Using Financial Data from Corporate Annual Reports to Better Understand the Apparel Supply Chain
By Abby Mayer, Research Associate, Supply Chain Insights LLC
Where and How to Operate?
Over the course of the last decade, apparel manufacturers have chased a lower cost of labor around the world. We have seen manufacturing move from in-country production to China, India and Bangladesh as companies chased lower production costs. The expiration of a quota system in 2005—limiting fabric and cloth imports to large Western markets—as well as ongoing WTO regulations and negotiations has gradually shifted the apparel landscape, but not stymied the trend of offshoring and outsourcing the labor intensive portions of the apparel industry.
American Apparel, Inc., however, has continued to source and manufacture in-country, while others in the peer group built longer supply chains overseas to reduce cost structures. Selected quotations from recent American Apparel, Inc. annual reports indicate some of the advantages enjoyed due to the unique structure of the business.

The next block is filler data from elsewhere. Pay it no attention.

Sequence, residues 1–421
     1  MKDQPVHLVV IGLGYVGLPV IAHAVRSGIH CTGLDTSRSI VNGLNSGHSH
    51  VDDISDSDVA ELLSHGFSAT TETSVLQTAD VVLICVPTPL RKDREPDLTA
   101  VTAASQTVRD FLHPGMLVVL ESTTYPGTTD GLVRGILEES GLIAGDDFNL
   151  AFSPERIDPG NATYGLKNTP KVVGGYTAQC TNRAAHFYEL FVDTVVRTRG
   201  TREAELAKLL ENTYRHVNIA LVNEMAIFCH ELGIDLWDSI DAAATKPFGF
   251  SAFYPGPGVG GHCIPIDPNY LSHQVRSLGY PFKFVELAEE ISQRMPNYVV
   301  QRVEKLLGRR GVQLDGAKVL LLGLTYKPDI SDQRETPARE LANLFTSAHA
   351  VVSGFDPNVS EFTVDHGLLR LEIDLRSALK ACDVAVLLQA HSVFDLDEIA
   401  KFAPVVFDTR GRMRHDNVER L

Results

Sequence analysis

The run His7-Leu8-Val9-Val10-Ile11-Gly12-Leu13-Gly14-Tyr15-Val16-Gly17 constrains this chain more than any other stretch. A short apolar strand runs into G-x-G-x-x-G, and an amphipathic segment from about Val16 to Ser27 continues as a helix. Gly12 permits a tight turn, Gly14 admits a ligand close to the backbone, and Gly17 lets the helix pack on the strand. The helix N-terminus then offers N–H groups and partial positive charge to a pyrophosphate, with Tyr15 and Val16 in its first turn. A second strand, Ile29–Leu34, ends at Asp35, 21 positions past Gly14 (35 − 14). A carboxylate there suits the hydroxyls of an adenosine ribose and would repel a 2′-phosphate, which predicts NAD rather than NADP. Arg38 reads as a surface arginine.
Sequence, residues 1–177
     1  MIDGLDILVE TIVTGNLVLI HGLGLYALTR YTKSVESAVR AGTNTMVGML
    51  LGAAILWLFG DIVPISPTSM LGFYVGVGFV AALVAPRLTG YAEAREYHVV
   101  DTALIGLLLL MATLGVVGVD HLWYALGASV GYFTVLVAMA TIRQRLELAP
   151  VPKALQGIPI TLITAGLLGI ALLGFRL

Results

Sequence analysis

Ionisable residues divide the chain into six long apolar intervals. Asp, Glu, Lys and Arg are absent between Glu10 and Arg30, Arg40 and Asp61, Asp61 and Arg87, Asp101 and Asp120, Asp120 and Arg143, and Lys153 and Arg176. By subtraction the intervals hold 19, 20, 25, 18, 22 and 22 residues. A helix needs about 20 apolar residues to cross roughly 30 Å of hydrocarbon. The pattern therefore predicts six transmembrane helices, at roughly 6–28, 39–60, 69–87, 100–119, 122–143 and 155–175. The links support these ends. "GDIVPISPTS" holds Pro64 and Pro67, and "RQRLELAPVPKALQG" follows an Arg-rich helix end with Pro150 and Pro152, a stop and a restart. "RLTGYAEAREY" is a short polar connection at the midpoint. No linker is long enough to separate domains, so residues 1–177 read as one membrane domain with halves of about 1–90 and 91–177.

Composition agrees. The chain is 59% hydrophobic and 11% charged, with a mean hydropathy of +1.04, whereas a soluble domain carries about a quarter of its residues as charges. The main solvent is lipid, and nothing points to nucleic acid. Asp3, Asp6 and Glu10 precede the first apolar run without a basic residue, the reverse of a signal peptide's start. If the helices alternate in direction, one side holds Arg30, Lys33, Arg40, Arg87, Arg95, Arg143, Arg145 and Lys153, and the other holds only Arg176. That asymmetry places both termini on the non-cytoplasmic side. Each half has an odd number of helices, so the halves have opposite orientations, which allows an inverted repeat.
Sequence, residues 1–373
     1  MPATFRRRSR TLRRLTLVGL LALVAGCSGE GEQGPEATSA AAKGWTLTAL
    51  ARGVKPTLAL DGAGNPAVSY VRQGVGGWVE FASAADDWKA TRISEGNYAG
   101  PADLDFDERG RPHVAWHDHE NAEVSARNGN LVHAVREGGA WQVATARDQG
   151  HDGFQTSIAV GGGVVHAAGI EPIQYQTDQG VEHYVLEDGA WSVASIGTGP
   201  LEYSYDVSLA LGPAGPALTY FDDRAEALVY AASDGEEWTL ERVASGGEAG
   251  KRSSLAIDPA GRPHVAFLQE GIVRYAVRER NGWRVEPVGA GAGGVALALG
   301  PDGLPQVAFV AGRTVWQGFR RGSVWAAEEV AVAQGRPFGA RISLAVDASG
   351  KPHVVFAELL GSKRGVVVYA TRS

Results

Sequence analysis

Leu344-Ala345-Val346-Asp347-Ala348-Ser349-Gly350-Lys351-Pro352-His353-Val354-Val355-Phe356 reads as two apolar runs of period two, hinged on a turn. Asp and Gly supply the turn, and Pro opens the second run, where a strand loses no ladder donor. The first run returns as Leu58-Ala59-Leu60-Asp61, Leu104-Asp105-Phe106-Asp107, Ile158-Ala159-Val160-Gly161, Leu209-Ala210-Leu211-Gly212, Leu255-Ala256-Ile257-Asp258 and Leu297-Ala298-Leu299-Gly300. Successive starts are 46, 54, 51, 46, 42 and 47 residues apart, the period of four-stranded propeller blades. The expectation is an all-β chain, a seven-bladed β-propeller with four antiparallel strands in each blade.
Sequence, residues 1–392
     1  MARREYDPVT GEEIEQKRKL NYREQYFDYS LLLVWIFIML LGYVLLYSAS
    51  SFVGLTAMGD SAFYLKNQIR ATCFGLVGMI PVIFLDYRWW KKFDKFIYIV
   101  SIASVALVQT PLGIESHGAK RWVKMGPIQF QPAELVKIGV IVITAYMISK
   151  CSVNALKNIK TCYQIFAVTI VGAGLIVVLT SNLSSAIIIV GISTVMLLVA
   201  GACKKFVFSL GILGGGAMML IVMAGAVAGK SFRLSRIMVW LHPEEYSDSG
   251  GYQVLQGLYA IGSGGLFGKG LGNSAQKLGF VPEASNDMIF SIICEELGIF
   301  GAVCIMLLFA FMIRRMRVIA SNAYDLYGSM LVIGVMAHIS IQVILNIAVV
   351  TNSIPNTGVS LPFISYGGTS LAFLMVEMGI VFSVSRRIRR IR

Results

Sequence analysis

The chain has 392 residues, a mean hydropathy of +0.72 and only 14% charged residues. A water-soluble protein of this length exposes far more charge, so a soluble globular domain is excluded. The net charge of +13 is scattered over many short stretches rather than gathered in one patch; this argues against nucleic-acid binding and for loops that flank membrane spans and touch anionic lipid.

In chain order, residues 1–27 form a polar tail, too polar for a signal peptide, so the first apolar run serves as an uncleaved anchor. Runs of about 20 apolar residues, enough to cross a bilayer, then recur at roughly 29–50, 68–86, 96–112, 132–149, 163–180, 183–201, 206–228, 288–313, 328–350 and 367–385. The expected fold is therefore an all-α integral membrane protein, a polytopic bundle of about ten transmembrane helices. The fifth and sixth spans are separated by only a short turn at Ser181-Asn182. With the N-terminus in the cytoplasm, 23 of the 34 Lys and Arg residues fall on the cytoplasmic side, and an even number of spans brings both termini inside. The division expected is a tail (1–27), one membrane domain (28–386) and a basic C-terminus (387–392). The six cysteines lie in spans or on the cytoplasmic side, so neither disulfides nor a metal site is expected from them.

The industry has to face the fact that not only have they been unable to improve operating margin, they have also not been able to meet their own commitments on “Fair Labor” as outlined in their Corporate Social Responsibility (CSR) documents. Recent news fills the papers. For example, on April 24, 2013 a garment factory in Savar, Bangladesh collapsed. As of May 1, the death toll had topped 400 people and is projected to climb over 1,000.2 Multiple factories were housed in the eight-story Rana Plaza where over 3,000 individuals were at work at the time of the incident. Despite the orders of factory inspectors who ordered immediate evacuation after discovering significant cracks in the building’s structure, factory workers were expected to report to work on the fateful day. Clothes labels found in the rubble include Benneton, Mango, Joe Fresh, Primark & C&A.3 Now, two weeks after the building’s collapse, the toll sits at 900.